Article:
Admiral Thad Allen: Yeah. I’ve dealt with a couple of large firms that have had very big problems. The default setting, if you haven’t thought about this ahead of time, is they go to a subject matter expert and hold them accountable for what the organization should do. That is not the way to do it. You need a designated person to create unity of effort. It’s got to involve the C-suite, and it’s got to involve not only your clients and your stakeholders, but your supply chain.
Ana Visneski: We keep talking about training, but just having a plan in the first place is critical. With some of these big companies, they’re so siloed that when something like this happens, everyone’s trying to do the right thing and running into each other. If you don’t have redundancies built in and backups for your backups, you’re going to go down hard.
You’ve got a plan for what happens if your main spokesperson was the incident? Or what happens if there was an earthquake and, all of a sudden, you don’t have your C-suite to talk? And John can talk a lot about this, but the last mile is another problem with crisis comms. If it’s a big disaster, you’ve got to plan around your tech, how are you going to get the information from the field back to where you can actually broadcast it out to people?
Admiral Thad Allen: When I got called to go to Katrina, I was on my way to the airport and the last thing I did was I sent my son along to a Best Buy to get me a mobile handheld and a SiriusXM receiver, so I could have awareness of what was being done. As far as the communications, a thing like that was the smartest thing I did.
Thad Allen (center) in the disaster aftermath of Hurricane Katrina, September 2005. Image Credits: Justin Sullivan
John Visneski: One of the biggest challenges is this all needs to be resourced, right? Your company needs to actually dedicate resources to that prior planning. To being able to build out the infrastructure, to being able to have hot-swap data centers and locations and things like that. And sometimes whether it’s your board or whether it’s your CFO or whoever’s holding the purse strings for your organization, it’s really hard to justify the return on investment that a lot of folks see as sort of a rainy day fund.
So it’s incumbent upon the leadership of the organization, particularly the leadership that is going to be involved in some sort of a disaster response to get ahead of those conversations and understand how disaster response can do things to protect revenue.
Ana Visneski: Because of the pandemic, we’ve had almost two years of shit hitting the fan. So we’re seeing a lot more C-suite leaders going, “We need to know how to be prepared for what happens next.”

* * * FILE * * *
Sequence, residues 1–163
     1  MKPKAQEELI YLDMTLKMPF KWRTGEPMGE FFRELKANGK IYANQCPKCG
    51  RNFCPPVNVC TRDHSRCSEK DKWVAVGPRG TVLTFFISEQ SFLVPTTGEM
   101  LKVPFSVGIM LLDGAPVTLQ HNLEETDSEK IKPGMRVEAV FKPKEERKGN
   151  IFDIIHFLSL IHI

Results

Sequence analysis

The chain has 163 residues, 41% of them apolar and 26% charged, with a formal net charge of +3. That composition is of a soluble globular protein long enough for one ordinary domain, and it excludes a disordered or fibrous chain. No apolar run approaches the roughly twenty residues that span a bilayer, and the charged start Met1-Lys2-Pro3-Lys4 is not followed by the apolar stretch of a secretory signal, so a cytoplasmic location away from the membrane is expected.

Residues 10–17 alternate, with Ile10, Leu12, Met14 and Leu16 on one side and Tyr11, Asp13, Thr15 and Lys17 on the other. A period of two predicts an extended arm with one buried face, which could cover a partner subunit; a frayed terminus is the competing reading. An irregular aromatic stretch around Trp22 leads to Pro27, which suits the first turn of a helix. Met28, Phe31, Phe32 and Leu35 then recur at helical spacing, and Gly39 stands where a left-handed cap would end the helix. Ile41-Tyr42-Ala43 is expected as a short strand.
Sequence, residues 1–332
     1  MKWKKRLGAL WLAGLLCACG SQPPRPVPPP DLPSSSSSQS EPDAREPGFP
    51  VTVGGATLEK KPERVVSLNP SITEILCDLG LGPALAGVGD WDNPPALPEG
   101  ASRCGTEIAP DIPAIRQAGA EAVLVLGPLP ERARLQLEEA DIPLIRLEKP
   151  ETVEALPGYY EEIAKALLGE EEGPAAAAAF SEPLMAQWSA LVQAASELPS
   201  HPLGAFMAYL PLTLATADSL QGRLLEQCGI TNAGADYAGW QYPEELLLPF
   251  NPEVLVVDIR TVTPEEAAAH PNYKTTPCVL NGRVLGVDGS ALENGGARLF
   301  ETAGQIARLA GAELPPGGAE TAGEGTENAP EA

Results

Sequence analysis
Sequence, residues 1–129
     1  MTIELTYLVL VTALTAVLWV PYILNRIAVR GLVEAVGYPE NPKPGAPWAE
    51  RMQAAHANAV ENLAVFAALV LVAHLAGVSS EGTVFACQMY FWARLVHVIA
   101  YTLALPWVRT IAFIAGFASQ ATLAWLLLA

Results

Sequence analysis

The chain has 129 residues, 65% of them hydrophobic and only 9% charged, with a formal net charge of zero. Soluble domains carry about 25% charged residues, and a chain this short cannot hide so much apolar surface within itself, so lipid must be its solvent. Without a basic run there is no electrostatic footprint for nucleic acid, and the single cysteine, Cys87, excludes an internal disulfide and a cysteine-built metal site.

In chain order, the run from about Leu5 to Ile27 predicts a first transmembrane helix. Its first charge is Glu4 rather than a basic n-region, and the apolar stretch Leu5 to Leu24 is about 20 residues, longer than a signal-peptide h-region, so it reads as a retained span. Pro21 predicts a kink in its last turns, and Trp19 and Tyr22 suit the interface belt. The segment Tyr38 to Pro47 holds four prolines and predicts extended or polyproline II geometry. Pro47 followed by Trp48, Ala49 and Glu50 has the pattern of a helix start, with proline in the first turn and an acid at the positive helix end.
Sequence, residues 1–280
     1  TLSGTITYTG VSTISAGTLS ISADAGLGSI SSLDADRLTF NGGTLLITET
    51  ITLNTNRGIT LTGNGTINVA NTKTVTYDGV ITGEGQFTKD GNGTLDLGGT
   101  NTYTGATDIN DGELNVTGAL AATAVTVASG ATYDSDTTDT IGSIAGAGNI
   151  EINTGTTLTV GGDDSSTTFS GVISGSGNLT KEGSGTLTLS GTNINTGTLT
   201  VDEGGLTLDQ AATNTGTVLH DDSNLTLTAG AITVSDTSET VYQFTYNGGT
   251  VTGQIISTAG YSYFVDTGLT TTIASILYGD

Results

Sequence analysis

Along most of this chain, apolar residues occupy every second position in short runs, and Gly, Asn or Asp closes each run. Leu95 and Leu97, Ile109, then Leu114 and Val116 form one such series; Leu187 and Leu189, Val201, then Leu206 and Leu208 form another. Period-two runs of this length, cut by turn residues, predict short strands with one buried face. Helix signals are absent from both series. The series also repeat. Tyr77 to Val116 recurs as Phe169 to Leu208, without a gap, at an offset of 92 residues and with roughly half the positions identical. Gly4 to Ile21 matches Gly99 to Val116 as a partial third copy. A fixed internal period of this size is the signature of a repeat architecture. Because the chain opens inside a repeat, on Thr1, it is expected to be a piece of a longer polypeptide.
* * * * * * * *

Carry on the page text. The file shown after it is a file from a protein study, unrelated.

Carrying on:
Communicating in a decentralized and flat world
Danny Crichton: If you think about the last 20 years, particularly in the private sector, we went from a model of headquarters buildings, large leadership structures all in one place, oftentimes a fairly hierarchical model of how to operate a company, etc. Today, we’re seeing decentralization, and a sort of horizontalness in a lot of companies. How does this new culture affect disaster communications?
Ana Visneski: Well, now that there is this decentralization, it’s incredibly difficult to wrangle all of your people and get everyone on the same page. And you have to think about what happens if Slack goes down. It goes back to redundancies — you have to have multiple ways of contacting your people.
Along that line, I am not a fan of companies saying is, “You can’t post on social media or you shouldn’t do this or that.” Because all that does is sows distrust. Instead, I am a big fan of training your people to do it right. Of course, you have to have company policy that if someone during a crisis is posting secure information or lies, or is just being a racist jerk, obviously there are consequences, but training your people to use the tool right, helps with transparency.
Admiral Thad Allen: My motto when I was commandant was transparency of information breeds self-correcting behavior. If you put enough information out and everybody holds it, organizational intent becomes embedded into how people see the environment they’re in. They’re going to understand what’s going on and you won’t have to give them a direct order to do the right thing. They’ll understand that. And I think that’s really important.
In the military, we have something called a “common operating picture,” and it’s basically a display where everybody’s at, what they’re doing at any one time. It’s not an order. It’s not hierarchical. Instead, it provides context and provides a window into what you’re doing.
So I think there’s a difference between creating a common operating picture and what actually constitutes authority. If you can separate those, the more you put into the former, the less of the latter you’re going to have to do.
John Visneski: I’m based in Seattle. We have an office in Philadelphia, an office in Houston, an office in San Francisco, and an office in Prague. There’s people in all those offices who are critical for our business. The advantage we have is the advantage that a lot of tech organizations take for granted, which is we were already going through a digital transformation, or we were already on the backside of digital transformation. Cloud focus, Software as a Service, Slack, email, Signal on my phone, a million different ways for me to communicate with my team, communicate with leadership and things like that.